In the future, I think people will look back and realize what terrible mistakes the haredi leadership made. Just a few years ago it was obvious that changes were needed and rather than take the bull by the horns and institute these changes and thereby control the direction, the leadership did nothing, meaning that when changes came it was the non-haredim who were in charge. Haredi Judaism, like its pre-haredi predecessors, is completely reactive, never proactive and thinking ahead. It was this trait that led Isaac Breuer to become so disillusioned with Agudat Israel, as he describes in his autobiography. It was also this lack of proactivity that in the early nineteenth century let Reform grow in Germany and in later years allowed secularism to grow in Eastern Europe. Just think about how many young women left traditional Judaism before Beis Yaakov was established, and then consider how many could have been saved if instead of creating Beis Yaakov as a reaction to the widespread defections, it had actually been created thirty years prior by people thinking ahead and acting proactively (traits that while found among German rabbis and R. Israel Salanter, are very hard to find in a traditional conservative society).
My own opinion is that the haredi community has no one to blame but itself for the situation it is in. Much of the ill-will could have been avoided by taking appropriate steps years ago. For example, the haredi community in Israel is the recipient of an enormous amount of what in the U.S. we call “entitlements” (a crazy term if there ever was one). Yet they have never shown any appreciation for this. They are protected by the Israeli army, and yet they refuse to express any thanks for this or say a prayer for the soldiers. Think how public opinion would have been different if the haredim in Israel had acted like American haredim. Just think how people in Israel would view the haredi community if, when the rockets started falling in certain places, instead of yeshivot leaving, young men came to these cities precisely in order to learn Torah. Imagine how people would have reacted if great yeshivot devoted days of Torah study specifically in the merit of the soldiers, or if yeshiva students en masse attended funerals of soldiers, or visited wounded soldiers in the hospital, or paid shiva calls to grieving families to let them know how much they value the sacrifice of those in uniform. Just think how much better the haredi situation would be at present if in past years the haredi community as a whole had simply shown that it cared about what was going on in the rest of the country. One would have thought that this approach would have been followed if only from a purely utilitarian perspective, but again, as Isaac Breuer pointed out, being proactive in meeting challenges has never been a strong point of this community.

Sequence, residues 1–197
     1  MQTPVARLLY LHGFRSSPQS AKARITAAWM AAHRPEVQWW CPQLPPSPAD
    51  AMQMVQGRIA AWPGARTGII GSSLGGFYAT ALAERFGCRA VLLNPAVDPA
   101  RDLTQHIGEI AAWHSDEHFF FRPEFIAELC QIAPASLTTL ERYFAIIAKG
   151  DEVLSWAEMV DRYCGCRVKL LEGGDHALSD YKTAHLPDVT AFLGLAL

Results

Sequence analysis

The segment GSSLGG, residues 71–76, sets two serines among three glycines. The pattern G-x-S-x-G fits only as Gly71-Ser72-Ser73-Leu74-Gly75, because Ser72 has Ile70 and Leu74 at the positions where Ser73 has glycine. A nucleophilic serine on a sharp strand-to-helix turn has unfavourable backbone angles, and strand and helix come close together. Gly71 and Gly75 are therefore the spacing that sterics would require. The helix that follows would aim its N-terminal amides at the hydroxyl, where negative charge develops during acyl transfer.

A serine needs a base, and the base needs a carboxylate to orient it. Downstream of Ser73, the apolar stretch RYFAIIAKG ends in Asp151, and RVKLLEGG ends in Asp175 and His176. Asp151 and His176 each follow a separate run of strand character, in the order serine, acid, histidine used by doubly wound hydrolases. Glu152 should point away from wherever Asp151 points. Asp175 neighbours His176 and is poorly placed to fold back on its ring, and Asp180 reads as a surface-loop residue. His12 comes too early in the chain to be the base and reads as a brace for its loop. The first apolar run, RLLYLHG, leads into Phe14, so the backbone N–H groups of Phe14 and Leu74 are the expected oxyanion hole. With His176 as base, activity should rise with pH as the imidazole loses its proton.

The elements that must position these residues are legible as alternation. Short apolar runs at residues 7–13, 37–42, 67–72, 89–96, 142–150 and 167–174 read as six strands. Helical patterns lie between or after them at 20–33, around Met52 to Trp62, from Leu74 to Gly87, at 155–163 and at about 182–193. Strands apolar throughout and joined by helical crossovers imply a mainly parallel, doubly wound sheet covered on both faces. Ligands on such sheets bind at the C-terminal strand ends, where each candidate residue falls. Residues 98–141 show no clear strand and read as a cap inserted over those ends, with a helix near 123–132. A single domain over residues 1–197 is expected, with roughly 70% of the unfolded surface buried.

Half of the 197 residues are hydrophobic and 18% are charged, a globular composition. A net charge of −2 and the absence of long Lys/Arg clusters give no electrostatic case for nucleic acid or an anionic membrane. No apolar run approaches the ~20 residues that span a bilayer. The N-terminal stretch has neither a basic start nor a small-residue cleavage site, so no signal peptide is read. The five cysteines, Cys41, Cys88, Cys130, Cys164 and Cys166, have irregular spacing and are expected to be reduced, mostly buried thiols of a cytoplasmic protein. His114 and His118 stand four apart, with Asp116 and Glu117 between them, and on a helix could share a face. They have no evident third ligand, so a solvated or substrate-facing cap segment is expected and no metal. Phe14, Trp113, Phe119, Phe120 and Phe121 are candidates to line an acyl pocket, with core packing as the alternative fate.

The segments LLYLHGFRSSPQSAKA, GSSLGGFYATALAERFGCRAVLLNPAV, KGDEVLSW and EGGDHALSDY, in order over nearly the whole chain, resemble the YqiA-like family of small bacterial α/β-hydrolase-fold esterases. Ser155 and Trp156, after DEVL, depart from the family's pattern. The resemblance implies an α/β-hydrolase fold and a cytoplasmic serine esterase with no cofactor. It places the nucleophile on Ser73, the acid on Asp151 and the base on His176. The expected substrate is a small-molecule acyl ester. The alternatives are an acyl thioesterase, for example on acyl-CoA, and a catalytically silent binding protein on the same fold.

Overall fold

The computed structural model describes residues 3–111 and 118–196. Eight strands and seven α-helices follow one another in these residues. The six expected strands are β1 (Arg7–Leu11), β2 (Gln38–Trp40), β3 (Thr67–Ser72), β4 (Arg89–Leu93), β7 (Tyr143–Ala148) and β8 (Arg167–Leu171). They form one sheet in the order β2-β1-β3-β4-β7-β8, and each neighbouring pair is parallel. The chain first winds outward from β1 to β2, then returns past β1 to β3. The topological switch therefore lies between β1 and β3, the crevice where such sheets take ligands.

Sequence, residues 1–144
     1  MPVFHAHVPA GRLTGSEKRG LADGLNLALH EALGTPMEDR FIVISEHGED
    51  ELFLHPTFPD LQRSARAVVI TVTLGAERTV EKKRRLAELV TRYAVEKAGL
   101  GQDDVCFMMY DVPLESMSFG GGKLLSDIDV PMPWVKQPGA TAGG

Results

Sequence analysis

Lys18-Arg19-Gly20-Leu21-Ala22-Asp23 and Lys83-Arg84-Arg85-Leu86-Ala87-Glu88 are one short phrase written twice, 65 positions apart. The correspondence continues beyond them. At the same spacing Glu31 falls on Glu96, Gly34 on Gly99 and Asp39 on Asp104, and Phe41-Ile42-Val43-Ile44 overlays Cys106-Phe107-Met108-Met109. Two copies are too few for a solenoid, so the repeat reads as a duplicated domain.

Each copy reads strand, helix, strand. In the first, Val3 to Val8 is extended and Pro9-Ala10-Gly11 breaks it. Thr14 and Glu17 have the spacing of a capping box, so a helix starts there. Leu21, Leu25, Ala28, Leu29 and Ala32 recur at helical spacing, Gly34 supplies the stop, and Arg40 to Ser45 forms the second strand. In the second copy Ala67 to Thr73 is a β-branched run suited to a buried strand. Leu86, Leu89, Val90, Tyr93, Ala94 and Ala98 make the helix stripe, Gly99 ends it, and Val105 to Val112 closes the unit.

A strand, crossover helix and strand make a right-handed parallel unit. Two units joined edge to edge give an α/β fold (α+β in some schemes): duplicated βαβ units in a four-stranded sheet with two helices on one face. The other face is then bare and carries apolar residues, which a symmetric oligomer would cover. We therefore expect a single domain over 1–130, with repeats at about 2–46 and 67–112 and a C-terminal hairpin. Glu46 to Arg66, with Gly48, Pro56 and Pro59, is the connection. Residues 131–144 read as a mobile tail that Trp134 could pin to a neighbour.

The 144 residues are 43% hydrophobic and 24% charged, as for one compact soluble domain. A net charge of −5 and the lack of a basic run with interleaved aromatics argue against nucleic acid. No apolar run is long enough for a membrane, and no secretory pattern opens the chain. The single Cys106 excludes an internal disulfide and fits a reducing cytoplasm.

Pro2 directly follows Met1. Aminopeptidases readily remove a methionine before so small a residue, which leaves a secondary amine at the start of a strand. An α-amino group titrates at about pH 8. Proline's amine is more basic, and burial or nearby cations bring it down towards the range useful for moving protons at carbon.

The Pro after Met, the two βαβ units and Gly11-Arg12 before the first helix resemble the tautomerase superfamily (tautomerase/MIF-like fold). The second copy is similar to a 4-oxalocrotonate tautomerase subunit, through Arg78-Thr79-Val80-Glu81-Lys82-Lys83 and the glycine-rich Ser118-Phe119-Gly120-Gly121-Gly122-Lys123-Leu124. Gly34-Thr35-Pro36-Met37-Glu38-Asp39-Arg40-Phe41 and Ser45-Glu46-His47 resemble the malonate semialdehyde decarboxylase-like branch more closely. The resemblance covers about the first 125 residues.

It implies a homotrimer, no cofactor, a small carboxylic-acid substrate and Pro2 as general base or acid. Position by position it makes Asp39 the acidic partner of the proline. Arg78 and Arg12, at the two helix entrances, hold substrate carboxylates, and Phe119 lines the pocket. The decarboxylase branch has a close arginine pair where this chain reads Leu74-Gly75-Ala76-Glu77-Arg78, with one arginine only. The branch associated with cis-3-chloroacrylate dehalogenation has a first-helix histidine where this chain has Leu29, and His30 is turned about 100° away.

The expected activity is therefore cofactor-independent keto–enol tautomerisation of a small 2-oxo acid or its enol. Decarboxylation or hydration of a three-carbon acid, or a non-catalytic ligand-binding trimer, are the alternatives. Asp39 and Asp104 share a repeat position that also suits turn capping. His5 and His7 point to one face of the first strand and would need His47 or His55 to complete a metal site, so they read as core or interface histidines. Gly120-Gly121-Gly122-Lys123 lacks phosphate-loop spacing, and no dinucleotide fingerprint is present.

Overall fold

Marc B. Shapiro, “R. Shlomo Yosef Zevin and the Army, and Joe DiMaggio”, The Seforim Blog (25 August 2013), n. 1 [http://seforim.blogspot.com/2013/08/r-shlomo-yosef-zevin-and-army-and-joe.html]